Dare say the vast majority of people in prison would say they are not a danger to society and could make a greater contribution by other means (whatever that means). Thats the trouble with subjective assessment of such cases and the reason Lady Justice has been blindfold since the fifteen century. There may or may not be mitigation but thats for the judge. Bottom line is he fraudulently obtained over £600k from the public purse. Anything else is pure speculation and irrelevant unless the judge considers it relevant. 

I'd like to think that if an    1 thanks

Supertorben | | Permalink

I'd like to think that if an accountant prepared some accounts for anyone earning over £100k a VAT control account would be prepared, or am I being naive?

carnmores's picture

@ David W

carnmores | | Permalink

I thought all debts were extinguished if a sentence was a certain length

!

The Rogue | | Permalink

I hope not.

Box 6 reconciliation

Andrew Dinkenor | | Permalink

Quite right. I always ensure that the VAT return Box 6 figures reconcile to the accounts figures, whenever the client is VAT registered.

Chris Smail's picture

I never cease to be amazed    1 thanks

Chris Smail | | Permalink

 at how innumerate solicitors & barristers generally are. They just seem to turn off when it comes to numbers.

Barristers (& Judges) also come fitted with HUGE EGOS and consider anything that does not interest them as trivial.

He was a fool, but also it would seem let down by his accountant.

davidwinch's picture

@carnmores

davidwinch | | Permalink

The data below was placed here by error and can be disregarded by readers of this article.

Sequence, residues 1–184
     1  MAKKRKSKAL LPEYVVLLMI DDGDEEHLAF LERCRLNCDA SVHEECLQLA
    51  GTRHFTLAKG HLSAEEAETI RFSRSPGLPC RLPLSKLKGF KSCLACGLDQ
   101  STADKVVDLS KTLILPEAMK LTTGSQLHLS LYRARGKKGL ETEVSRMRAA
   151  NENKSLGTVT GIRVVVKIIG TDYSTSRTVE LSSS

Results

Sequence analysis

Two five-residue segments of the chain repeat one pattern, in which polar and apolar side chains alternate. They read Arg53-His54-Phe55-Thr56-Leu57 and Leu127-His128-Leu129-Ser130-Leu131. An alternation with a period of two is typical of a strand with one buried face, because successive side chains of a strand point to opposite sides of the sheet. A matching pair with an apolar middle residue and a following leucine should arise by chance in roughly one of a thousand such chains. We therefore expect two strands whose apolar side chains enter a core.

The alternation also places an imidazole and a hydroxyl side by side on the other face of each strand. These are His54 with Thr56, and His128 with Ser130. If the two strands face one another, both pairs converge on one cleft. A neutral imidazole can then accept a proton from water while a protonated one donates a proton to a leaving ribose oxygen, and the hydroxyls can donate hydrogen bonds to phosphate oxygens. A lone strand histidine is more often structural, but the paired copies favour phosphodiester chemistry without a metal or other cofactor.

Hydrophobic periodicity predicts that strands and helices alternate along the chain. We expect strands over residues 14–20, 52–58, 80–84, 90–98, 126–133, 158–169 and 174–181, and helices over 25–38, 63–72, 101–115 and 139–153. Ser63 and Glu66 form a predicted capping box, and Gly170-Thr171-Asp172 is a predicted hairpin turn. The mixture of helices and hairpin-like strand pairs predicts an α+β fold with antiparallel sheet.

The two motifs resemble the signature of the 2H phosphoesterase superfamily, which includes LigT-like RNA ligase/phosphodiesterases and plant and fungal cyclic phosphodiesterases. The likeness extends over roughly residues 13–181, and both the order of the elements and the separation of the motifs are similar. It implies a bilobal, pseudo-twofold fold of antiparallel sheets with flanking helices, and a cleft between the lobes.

carnmores wrote:
I thought all debts were extinguished if a sentence was a certain length

Nope!

Perhaps if you get transported to the colonies . . .

David

TomMcClelland's picture

He didn't notice?

TomMcClelland | | Permalink

I wonder if he'd have noticed and questioned the payments if he'd paid £600,000 too much VAT to HMRC rather than £600,000 too little.

johnjenkins's picture

As that is a specific

johnjenkins | | Permalink

and not a general wondering I would have to refer it to "the committee" (the comedians, years ago).

davidwinch's picture

Imprisonment

davidwinch | | Permalink

Mr Pershad has been sentenced to 3½ years imprisonment for the offence.

David

davidwinch's picture

Appealing conviction and sentence

davidwinch | | Permalink

Press reports indicate that Mr Pershad will be appealing both his conviction and his sentence.

An appeal against conviction such as this, from the Crown Court to the Court of Appeal is not a 're-hearing'.

In other words he cannot appeal simply on the basis that the jury should have believed him but didn't - he has to appeal on the basis that something went wrong in the trial procedure with the result that the conviction is 'unsafe'.  For example if there was some error by the judge in deciding what evidence should be admitted, or in summing up the relevant facts and explaining the law in the case for the jury.

So in order to get a hearing in the Court of Appeal he would have first to show (at a preliminary stage) that he had an argument worth hearing regarding some sort of failure in the trial process in his case.

Even if the Court of Appeal were to hold that the verdict was unsafe - and quash the conviction - that might not be the end of the matter as a re-trial in the Crown Court may be ordered.

He will go to prison pending any appeal.

So he faces an uphill struggle!

David